Monday, October 4, 2010
RPGs I Like: Trail of Cthulhu
What is it?
The Call of Cthulhu rpg ported to the Gumshoe system in a 1930's setting.
This book is gorgeous; my copy is a lovely 248 page hardcover. Jérome Huguenin does a masterful job with art and layout. That art is consistent throughout-- something not to be underestimated as a key to make a game feel complete. The text has a narrow, three-column layout, but bullet-points, headers and other techniques keep it from being obscure. The paper's nice-- I mean just everything about this screams skillful execution. There's a nice touch on the cover and spine where the title text tilts ever so slightly. The first couple of times I looked at it I knew something felt off, but I couldn't put my finger on it. But it is a deliberate choice that helps reinforce the game theme.
What Does It Offer?
Interestingly, Trail of Cthulhu positions itself as another take on Call of Cthulhu, the rpg, rather than a new wholesale take on Lovecraft. I think an argument could be made that ToC has the potential to reinvigorate Call of Cthulhu as something I'd run, in the same way that Pagan's appearance on the scene with Unspeakable Oath and Delta Green sparked CoC campaigns in the 1990s. Pelgrane's supported the line extensively, on a consistent schedule. In the book itself, here's the feel of a strong hand at the rudder of the game. The author, Ken Hite, once again demonstrates his mastery of the Lovecraft Mythos and game writing.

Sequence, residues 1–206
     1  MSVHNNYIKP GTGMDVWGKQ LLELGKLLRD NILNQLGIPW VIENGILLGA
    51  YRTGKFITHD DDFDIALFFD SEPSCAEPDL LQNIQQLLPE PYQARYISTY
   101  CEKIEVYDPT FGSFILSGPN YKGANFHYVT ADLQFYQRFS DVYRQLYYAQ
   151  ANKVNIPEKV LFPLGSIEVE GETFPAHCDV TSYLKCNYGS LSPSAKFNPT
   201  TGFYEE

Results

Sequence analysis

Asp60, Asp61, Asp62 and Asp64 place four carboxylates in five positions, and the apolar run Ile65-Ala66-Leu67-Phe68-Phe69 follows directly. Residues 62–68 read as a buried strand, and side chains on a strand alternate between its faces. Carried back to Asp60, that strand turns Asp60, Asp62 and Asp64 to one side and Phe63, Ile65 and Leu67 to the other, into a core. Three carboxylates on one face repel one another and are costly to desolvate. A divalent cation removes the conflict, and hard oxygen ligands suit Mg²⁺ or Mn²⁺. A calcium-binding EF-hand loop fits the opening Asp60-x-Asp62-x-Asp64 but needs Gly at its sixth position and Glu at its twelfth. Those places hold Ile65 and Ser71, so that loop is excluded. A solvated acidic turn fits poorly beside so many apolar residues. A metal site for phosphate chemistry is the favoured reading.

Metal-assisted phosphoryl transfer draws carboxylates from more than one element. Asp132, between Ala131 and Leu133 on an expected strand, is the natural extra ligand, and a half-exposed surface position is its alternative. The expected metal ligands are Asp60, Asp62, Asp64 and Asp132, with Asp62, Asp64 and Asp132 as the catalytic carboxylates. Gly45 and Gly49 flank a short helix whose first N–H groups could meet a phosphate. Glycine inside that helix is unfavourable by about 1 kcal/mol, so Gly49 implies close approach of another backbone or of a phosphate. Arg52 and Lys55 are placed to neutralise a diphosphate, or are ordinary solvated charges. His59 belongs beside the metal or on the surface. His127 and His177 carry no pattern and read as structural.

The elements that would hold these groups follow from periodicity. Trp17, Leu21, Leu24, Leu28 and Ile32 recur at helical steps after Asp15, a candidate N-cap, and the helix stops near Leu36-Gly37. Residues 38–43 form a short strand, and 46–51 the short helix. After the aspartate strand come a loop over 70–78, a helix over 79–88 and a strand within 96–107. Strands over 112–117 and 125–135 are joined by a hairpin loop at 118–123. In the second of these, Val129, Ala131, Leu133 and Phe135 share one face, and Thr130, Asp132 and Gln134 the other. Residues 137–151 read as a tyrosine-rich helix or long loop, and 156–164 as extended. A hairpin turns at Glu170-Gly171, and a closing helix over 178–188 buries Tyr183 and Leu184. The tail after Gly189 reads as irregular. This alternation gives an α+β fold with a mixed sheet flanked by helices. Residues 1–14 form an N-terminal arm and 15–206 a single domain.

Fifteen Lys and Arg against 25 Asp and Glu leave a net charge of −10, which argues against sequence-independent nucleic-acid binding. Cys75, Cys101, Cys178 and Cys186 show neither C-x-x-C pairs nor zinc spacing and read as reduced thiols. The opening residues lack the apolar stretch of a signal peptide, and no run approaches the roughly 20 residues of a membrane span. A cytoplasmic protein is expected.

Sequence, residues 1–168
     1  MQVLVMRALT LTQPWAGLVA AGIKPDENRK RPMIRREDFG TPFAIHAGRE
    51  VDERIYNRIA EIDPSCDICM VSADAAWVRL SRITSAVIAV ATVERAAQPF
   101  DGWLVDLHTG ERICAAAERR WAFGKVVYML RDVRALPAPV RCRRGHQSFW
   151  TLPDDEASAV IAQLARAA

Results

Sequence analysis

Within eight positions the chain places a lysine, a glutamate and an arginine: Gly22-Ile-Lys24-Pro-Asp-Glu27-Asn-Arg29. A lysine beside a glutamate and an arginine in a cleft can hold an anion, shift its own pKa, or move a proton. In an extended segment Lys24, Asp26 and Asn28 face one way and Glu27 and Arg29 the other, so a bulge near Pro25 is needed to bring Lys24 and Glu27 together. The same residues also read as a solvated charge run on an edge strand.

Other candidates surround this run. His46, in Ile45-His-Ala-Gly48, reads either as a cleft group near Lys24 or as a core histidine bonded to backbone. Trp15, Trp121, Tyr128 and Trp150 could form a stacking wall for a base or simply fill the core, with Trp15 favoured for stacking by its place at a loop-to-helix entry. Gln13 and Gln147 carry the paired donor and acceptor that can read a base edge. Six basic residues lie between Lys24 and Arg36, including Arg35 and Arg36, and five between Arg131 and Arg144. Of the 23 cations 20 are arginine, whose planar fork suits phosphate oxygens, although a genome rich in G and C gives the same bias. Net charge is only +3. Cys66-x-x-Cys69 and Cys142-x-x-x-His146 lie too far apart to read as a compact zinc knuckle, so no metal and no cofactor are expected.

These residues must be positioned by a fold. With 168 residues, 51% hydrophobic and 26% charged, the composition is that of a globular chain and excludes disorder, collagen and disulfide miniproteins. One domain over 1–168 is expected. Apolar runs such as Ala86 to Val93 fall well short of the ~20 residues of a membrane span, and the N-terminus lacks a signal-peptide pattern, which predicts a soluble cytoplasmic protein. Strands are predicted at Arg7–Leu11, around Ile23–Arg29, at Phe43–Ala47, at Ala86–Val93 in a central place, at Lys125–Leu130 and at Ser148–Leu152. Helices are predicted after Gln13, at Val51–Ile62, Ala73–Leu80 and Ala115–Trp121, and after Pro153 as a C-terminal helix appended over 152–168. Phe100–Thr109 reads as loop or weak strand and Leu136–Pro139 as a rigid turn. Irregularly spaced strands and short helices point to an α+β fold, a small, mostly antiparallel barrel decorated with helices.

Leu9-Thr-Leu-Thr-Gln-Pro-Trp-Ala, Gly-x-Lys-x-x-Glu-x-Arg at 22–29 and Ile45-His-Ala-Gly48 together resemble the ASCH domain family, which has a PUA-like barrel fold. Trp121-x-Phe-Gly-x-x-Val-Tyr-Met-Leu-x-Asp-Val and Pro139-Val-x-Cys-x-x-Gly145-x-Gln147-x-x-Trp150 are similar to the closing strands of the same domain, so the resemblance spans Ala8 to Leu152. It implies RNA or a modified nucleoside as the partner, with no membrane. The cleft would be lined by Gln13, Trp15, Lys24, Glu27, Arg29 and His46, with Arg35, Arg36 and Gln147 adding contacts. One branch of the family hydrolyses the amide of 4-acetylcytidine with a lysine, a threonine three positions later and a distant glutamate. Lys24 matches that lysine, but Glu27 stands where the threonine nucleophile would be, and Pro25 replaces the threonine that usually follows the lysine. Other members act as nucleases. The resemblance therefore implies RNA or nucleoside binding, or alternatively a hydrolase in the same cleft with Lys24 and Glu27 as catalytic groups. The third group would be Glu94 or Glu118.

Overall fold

For Call of Cthulhu Players?
CoC players have a lot of gaming options these days, with Chaosium's strong focus on monographs and pdf availability. So a new product- with a different system- has to offer a lot. I think ToC does.
*I've talked about my take on the Gumshoe system before. I like it and I think it fits readily with CoC. Any mechanical reservations I have are overcome by the benefits the system as a whole offers. That's not a knock on BRP, just that this feels well-tuned to the genre.
*Hite makes an argument for the 1930's as a truly horrific era. While there have been supplements covering the period before, ToC really moves to own it. We get a rich timeline and a gazetteer. I especially like that the focus in both cases is on strange happenings and giving the GMs interesting hooks they can use. I like when the background material is presented with the GM's needs in mind.
*Trail of Cthulhu presents great mythos material. We get an excellent overview of the big guys, like Cthulhu, without too extensive detailing. Instead we get isolated and potentially contradictory facts, in addition to a sense of how they might be used in a game. The section of creatures of the mythos-- like Ghouls, Shans and Nightgaunts-- provides sample evidence for each creature.
*Great campaign frames, discussion of cults and advice on running mystery games in general and Cthulhu campaigns in particular.